Re: encryted filesystems

From: Daryll Hofmen (daryll[REMOVE+ME)
Date: 03/17/02


From: "Daryll Hofmen" <daryll[REMOVE+ME]@myrealbox.com>
Date: Sun, 17 Mar 2002 15:29:21 GMT

Ah, so that is why it wasn't working. Unfortunately, I have never coded C
or C++ in linux. I am sortof familiar with the language, but I don't know
how any of the libraries work. So just that short little snippet
accomplishes what the losetup binary does? neato

Kasper Dupont <kasperd@daimi.au.dk> wrote in message
news:3C946CEC.1660E787@daimi.au.dk...
> Daryll Hofmen wrote:
> >
> > Yes, changing the access writes to it, I knew about adding it to the
fstab,
> > but I couldn't get users to access the loop device. I actually tried
> > changing the owner of the loop device but it didn't work at all then.
>
> That might depend on the version of losetup being used.
> The version on my system insists on locking itself
> into memory which is only allowed to root. If device is
> encrypted that will protect the password, but for
> unencrypted devices the locking should not be necesarry.
>
> I actually made my own version of losetup for a completely
> different reason. The original version of losetup only
> supported read/write access. I once in a while wanted to
> attach a file to which I had only read access.
>
> Here is my stripped down losetup:
>
> #include <stdio.h>
> #include <unistd.h>
> #include <fcntl.h>
> #include <sys/ioctl.h>
> #include <linux/loop.h>
>
> int open2(char *name)
> {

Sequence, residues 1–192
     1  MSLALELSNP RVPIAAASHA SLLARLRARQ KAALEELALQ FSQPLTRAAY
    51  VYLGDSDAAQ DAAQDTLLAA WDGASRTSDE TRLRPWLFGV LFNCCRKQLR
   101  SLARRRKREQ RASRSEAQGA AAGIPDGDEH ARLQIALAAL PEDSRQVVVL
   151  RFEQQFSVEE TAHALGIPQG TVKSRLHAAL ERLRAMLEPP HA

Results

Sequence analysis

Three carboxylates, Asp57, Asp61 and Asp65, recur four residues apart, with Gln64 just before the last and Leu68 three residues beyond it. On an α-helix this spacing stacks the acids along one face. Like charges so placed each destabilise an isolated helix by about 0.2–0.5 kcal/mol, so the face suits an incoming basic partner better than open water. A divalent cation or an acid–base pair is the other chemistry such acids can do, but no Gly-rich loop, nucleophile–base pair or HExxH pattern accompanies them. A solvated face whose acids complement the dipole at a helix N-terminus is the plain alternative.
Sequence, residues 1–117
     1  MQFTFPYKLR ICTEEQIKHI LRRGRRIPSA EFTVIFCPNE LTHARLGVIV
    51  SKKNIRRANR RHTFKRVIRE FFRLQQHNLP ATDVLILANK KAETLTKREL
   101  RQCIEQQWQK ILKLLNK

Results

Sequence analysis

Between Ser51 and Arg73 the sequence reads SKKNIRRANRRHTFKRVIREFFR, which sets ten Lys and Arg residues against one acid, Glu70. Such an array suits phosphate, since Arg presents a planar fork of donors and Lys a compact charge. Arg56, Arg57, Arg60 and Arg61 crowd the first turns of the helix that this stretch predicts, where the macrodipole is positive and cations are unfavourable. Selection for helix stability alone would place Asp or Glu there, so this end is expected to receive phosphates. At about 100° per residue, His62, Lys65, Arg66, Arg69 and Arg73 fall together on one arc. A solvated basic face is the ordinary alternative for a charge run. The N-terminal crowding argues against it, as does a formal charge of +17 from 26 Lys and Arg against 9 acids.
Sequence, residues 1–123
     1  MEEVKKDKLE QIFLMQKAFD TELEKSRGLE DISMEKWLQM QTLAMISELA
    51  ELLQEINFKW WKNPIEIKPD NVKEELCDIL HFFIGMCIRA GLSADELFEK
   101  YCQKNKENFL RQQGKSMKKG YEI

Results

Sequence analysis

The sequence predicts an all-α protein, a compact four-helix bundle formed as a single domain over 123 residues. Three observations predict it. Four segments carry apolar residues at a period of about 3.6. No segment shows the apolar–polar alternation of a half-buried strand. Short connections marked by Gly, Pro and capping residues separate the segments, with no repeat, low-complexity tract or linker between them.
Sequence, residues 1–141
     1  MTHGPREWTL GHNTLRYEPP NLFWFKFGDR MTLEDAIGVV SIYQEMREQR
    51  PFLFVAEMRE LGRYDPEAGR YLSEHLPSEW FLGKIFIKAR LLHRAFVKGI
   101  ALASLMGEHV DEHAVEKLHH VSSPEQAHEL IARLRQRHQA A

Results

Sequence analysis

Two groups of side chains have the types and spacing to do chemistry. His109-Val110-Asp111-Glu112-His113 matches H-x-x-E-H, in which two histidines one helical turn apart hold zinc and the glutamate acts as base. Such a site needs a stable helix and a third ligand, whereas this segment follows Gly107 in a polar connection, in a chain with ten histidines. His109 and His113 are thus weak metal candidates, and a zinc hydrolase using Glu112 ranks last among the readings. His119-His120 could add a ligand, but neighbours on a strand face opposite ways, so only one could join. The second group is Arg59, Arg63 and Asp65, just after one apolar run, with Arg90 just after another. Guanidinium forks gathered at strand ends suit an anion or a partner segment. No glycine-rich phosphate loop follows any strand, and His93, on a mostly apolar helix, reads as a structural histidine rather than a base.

> int fd;
> fd=open(name,O_WRONLY);
> if (fd!=-1) return fd;
> fd=open(name,O_RDONLY);
> if (fd!=-1) return fd;
> perror(name);
> return -1;
> }
>
> int main(int argc, char ** argv)
> {
> int lfd,ffd;
> struct loop_info info;
>
> if (argc!=3) {
> printf("usage: %s <device> <file>\n",argv[0]);
> exit(1);
> }
>
> lfd=open2(argv[1]);
> ffd=open2(argv[2]);
> if ((lfd==-1)||(ffd==-1)) exit(1);
>
> memset(&info,0,sizeof(info));
>
> if (ioctl(lfd,LOOP_SET_FD,ffd)) {
> perror("LOOP_SET_FD");
> exit(1);
> }
>
> /*
> info.lo_encrypt_key_size=0;
> info.lo_encrypt_type=LO_CRYPT_NONE;
> info.lo_offset=0;
> strcpy(info.lo_name,"TEST");
> */
>
> if (ioctl(lfd,LOOP_SET_STATUS,&info)) {
> perror("LOOP_SET_STATUS");
> exit(1);
> }
>
> return 0;
> }
>
> AFAIR on some kernel versions this actully was able to
> bypass read protection on files where I had only write
> access.
>
> >
> > Another thing I tried was making a bash script and setting the SUID bit
in
> > it. For some reason though, I still couldn't access the losetup or
mount
> > from a user account. I have never used the SUID bit before so I don't
know
> > how it works. Any comment on that?
>
> The SUID bit cannot be used on scripts. Write a C
> program then you can use the SUID bit. It takes a lot
> of care to write SUId programs without security holes.
>
> >
> > And about the loopback over NFS, any recent documentation relating to
the
> > subject
>
> I don't know. Perhaps somebody else knows?
>
> --
> Kasper Dupont -- der bruger for meget tid på usenet.
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